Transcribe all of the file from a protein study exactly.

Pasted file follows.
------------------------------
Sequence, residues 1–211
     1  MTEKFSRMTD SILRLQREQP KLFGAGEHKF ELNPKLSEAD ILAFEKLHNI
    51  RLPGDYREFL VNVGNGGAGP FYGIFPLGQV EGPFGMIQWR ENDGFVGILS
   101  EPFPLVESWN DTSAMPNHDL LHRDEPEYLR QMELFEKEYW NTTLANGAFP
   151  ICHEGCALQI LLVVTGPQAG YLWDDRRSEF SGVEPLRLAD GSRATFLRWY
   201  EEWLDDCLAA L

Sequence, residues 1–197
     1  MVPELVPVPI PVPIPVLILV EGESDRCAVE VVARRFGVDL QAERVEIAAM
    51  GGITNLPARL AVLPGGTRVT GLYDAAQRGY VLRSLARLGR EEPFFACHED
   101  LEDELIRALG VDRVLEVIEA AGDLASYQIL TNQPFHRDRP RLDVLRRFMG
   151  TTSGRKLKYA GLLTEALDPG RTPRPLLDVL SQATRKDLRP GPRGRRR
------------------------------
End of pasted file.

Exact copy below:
Sequence, residues 1–211
     1  MTEKFSRMTD SILRLQREQP KLFGAGEHKF ELNPKLSEAD ILAFEKLHNI
    51  RLPGDYREFL VNVGNGGAGP FYGIFPLGQV EGPFGMIQWR ENDGFVGILS
   101  EPFPLVESWN DTSAMPNHDL LHRDEPEYLR QMELFEKEYW NTTLANGAFP
   151  ICHEGCALQI LLVVTGPQAG YLWDDRRSEF SGVEPLRLAD GSRATFLRWY
   201  EEWLDDCLAA L

Sequence, residues 1–197
     1  MVPELVPVPI PVPIPVLILV EGESDRCAVE VVARRFGVDL QAERVEIAAM
    51  GGITNLPARL AVLPGGTRVT GLYDAAQRGY VLRSLARLGR EEPFFACHED
   101  LEDELIRALG VDRVLEVIEA AGDLASYQIL TNQPFHRDRP RLDVLRRFMG
   151  TTSGRKLKYA GLLTEALDPG RTPRPLLDVL SQATRKDLRP GPRGRRR